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The temple was first build in 242 AD, during the Three Kingdoms Period. According to a legend, Sun Quan (孙权), King of the Kingdom of Wu, had obtained Sharira relics, which are cremated remains of the Buddha. To house these precious relics, the king ordered the construction of 13 pagodas. Longhua Pagoda (Longhua Ta), part of the Longhua temple complex, is said to have been one of them. Like the function of the pagoda, the name of the temple also has its origin in a local legend according to which a dragon once appeared on the site.
The temple was destroyed by war towards the end of the Tang Dynasty and rebuilt in 977 AD, during the Northern Song Dynasty. (According to another version of the story, as contained in Song and Yuan Dynasty local histories, the temple was first built by the King of Wuyue in the early Song dynasty.) Later in the Song Dynasty, in 1064, it was renamed Kong Xiang Temple, but the original name Longhua Temple was restored in the Ming Dynasty during the reign of the Wanli Emperor.
The present architectural design follows the Song Dynasty original. However, whereas the core of the present Longhua Pagoda survives from that period, most buildings in the temple proper were rebuilt during the reigns of the Tongzhi Emperor and the Guangxu Emperor in the Qing Dynasty. A modern restoration of the entire temple complex was carried out in 1954.
The temple and monastery were originally surrounded by extensive gardens and orchards. Viewing of the peach blossom in the Longhua gardens was an annual attraction for people in surrounding cities. These gardens have since been entirely absorbed into the neighbouring Longhua Martyrs Cemetery and have been extensively reconstructed in a contemporary monumental style.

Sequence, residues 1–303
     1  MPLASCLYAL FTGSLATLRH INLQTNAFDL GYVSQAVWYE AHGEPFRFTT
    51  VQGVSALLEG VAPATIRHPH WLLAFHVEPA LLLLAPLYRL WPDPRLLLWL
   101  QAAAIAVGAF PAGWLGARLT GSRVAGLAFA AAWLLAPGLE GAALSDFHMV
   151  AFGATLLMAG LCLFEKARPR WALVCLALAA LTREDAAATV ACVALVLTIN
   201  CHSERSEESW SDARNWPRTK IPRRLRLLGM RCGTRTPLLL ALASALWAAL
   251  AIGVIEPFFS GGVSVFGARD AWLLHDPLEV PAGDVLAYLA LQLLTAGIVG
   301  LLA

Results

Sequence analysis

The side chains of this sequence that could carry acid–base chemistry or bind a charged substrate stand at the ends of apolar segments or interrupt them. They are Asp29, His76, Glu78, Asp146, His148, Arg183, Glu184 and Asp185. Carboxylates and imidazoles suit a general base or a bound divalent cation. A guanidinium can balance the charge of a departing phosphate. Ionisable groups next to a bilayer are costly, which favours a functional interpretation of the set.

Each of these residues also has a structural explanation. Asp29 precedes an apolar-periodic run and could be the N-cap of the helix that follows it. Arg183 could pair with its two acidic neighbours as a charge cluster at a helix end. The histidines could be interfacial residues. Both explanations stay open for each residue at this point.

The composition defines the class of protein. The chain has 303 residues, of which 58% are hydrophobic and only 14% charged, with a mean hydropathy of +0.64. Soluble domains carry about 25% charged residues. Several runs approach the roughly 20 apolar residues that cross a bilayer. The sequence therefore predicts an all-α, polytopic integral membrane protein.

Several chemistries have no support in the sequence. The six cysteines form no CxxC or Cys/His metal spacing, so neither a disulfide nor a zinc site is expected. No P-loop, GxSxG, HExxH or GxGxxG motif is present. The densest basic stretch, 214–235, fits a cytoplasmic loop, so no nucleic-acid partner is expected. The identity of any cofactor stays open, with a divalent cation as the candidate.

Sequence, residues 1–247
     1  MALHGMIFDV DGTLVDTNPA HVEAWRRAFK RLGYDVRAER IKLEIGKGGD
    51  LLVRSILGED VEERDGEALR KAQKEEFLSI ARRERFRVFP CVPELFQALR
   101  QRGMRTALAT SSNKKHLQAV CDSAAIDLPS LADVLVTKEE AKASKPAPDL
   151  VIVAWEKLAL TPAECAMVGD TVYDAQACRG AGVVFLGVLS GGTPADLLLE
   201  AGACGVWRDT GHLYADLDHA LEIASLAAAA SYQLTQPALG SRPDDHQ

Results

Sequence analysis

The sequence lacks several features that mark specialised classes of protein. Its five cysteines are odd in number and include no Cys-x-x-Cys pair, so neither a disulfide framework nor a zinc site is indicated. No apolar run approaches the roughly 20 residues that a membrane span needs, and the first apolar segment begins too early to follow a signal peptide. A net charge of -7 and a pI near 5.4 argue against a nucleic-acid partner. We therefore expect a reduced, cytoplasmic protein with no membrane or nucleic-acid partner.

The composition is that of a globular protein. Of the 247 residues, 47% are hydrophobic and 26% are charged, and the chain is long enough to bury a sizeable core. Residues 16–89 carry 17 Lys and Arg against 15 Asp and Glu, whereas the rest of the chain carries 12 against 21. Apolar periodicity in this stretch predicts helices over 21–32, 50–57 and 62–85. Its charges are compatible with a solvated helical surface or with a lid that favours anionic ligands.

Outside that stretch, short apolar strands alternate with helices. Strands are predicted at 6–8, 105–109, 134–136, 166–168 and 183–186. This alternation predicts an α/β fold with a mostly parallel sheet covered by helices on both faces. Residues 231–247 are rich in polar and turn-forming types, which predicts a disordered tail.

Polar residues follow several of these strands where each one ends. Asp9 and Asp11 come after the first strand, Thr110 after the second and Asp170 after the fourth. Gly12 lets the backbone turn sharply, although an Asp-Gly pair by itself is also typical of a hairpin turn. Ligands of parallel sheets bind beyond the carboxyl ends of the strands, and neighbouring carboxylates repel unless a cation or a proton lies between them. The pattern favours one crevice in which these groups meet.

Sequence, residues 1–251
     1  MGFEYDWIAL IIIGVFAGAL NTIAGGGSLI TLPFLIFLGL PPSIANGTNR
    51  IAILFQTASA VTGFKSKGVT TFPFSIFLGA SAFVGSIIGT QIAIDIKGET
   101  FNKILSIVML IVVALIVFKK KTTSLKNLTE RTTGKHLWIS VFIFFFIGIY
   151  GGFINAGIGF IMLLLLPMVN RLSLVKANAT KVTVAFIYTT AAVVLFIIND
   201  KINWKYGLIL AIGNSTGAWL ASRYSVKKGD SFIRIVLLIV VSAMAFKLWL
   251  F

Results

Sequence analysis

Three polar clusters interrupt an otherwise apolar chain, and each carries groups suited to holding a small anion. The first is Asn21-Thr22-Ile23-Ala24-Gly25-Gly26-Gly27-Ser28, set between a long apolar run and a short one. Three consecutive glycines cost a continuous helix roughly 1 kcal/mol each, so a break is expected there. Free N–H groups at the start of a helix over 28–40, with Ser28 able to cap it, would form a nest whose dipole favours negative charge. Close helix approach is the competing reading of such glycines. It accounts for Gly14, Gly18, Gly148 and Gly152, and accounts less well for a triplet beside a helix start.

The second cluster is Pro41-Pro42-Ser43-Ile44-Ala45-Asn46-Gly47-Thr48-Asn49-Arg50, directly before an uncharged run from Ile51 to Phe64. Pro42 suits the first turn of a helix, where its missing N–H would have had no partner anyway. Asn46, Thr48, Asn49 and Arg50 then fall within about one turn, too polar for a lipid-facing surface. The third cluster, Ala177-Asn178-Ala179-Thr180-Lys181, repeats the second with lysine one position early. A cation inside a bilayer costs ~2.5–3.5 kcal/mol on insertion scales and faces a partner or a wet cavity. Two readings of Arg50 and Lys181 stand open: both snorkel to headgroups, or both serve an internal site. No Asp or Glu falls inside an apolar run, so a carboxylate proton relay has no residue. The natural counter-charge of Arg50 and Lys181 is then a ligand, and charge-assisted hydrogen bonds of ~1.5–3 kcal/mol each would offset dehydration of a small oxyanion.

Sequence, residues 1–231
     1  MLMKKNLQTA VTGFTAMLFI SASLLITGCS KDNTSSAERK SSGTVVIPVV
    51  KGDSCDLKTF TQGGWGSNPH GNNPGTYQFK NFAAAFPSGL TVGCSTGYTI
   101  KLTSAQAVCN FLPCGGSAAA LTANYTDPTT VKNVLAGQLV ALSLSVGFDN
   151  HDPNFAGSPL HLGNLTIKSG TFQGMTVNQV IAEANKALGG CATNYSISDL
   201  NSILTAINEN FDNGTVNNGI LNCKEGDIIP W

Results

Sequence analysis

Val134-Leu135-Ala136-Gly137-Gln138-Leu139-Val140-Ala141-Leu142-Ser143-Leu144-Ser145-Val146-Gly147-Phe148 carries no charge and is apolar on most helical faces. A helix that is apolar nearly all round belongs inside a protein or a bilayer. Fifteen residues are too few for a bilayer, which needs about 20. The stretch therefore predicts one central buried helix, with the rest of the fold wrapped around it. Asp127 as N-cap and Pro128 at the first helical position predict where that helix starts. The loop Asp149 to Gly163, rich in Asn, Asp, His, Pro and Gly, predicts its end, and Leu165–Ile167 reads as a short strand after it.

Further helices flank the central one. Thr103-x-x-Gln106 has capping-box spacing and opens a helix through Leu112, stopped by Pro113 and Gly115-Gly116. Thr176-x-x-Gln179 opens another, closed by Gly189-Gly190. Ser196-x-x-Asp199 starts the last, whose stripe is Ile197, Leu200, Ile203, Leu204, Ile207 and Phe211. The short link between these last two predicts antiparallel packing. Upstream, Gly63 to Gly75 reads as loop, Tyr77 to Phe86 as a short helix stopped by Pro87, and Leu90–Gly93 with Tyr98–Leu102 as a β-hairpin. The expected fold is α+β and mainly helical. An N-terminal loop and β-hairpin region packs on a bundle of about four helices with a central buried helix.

Architectural design and artworkEditar
The Longhua Temple occupies an area of more than 20,000 square metres, the main axis of the compound has a length of 194 metres. The tallest structure is the Longhua Pagoda, it stands 40.4 metres high.
The layout of the temple is that of a Song Dynasty monastery of the Buddhist Chan sect, known as the Sangharama Five-Hall Style. Five main halls are arranged along a central north-south pointing axis. From the entrance, the buildings are:
- The Maitreya Hall (Mile Dian) housing a statue of Maitreya buddha and another in his manifestation as "Budai", or Cloth bag monk.
- The Heavenly King Hall (Tianwang Dian) housing statues of the Four Heavenly Kings.
- The Grand Hall of the Great Sage (Daxiong Baodian, or Mahavira Hall) is the main hall, housing statues of the historical Buddha (Shakyamuni) and two disciples. At the back of the hall is a base relief carving, including a depiction of Guanyin, or the Buddistava Avalokiteśvara in his female manisfestation. Around the front portion are arranged the twenty Guardians of Buddhist Law, and around the back the sixteen principal arhats. The hall also features an ancient bell cast in 1586, during the Wanli era of the Ming Dynasty.
- The Three Sages Hall (San Sheng Dian) houses statues of the Amitabha buddha, and the Buddistavas Avalokiteśvara (male form) and Mahāsthāmaprāpta.
- The Abbot's Hall (Fangzhang Shi) is a place for lectures and formal meetings.